Thursday, October 10, 2019
Free admission | Register here
This roundtable discussion brings together four Charlotte-based artists in an open dialogue about counter-institutions and alternate visions for the arts in Charlotte.
From art trucks to murals to residencies, McColl Center alumna artist Rosalia Torres-Weiner, Dammit Wesley, Janelle Dunlap, and Amy Herman will share their experiences at the intersections of art, activism, and community organizing. Facilitated by visiting curator Laura Ritchie, this community conversation will explore the unique characteristics of Charlotte’s independent arts scene, focusing on its values, challenges, and potential futures.
Ritchie is based in Durham, North Carolina, where she co-founded and led an independent gallery and performance space called The Carrack. The Carrack recently closed, after eight years of programming. “Alternate Visions & Counter-Institutions” is the title of a panel discussion co-organized by Ritchie, Sinan Goknur, Quran Karriem, and Max Symuleski that took place at The Carrack in September 2019 as part of Open Engagement’s event series, Emergent Futures: State of the Field. It was one of The Carrack’s final events. This panel at McColl Center will extend that conversation to Charlotte.
The Stimulus series offers you deeper insight into the work and ideas of contemporary artists. These sessions aim to make connections between the McColl Center and our constantly evolving local arts community.
Rosalia Torres-Weiner is an artist, activist, and community leader in Charlotte. Her art captures the themes, colors, and rich symbolism of her native home of Mexico. In 2010, Torres-Weiner shifted the focus of her work from commercial art to art activism, after witnessing the repeated injustices and dysfunction of our immigration system. She also uses her art to document social conditions, and to raise awareness about issues that are affecting immigrant communities such as family separation, access to public education, racism, and moving beyond common stereotypes.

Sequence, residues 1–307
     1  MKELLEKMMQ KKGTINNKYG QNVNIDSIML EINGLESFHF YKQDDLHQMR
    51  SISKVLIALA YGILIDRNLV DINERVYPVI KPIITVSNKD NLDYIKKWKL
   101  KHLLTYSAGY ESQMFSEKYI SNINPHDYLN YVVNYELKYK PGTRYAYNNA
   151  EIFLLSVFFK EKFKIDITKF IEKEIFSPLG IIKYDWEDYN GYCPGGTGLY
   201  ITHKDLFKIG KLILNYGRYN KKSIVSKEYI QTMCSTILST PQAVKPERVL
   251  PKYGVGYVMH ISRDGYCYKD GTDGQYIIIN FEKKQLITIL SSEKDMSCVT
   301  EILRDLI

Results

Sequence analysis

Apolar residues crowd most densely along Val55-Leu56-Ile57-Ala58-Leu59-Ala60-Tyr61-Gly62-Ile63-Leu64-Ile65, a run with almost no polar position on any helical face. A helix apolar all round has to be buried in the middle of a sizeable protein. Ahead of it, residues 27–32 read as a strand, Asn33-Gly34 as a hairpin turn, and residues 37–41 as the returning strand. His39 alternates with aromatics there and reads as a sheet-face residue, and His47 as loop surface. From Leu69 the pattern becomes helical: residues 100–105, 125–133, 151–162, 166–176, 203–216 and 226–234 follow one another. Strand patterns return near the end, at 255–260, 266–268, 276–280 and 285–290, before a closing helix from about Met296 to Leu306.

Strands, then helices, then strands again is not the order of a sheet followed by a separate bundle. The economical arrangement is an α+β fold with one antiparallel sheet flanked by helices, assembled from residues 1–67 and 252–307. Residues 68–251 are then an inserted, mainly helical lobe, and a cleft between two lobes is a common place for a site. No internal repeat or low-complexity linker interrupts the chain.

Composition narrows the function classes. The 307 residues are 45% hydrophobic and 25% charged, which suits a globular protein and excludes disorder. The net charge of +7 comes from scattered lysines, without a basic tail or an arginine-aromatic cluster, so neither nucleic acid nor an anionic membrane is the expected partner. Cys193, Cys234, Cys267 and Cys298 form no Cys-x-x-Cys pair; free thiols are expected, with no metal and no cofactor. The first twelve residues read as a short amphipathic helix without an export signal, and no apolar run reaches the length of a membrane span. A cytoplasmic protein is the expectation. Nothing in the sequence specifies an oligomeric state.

Dammit Wesley is a dynamic multi-disciplinary artist who uses his work and platform to provide context and commentary on the black experience through the lens of pop culture. He has played a very active role in the southeast arts community for the past decade as the founder and director of BLK MRKT CLT, developing monthly minority-based art exhibitions and showcases, instructing hip hop-themed figure painting classes, and working as a teaching artist for local institutions.
Janelle Dunlap is a mixed media artist and organizer dedicated to building ethical relationships between institutions and the communities that surround them. This practice ranges from curating public space, state policy, and organizational restructuring. This fall, Dunlap is working as a Community Arts Curatorial Fellow under Emc Arts, facilitating the Resident Residency program, a pilot project that seeks to support Charlotte-based social practice artists here at McColl Center.
Amy Herman is an artist based in Charlotte. She received her MFA in Photography from Columbia College Chicago, and her BFA in Fine Art from Michigan State University. Her photographs have been shown on the international level and are included in the permanent collections of the Kiyosota Museum of Photography, Cassilhaus, and The Museum of Fine Arts Houston. She teaches photography at Central Piedmont Community College and co-directs Goodyear Arts.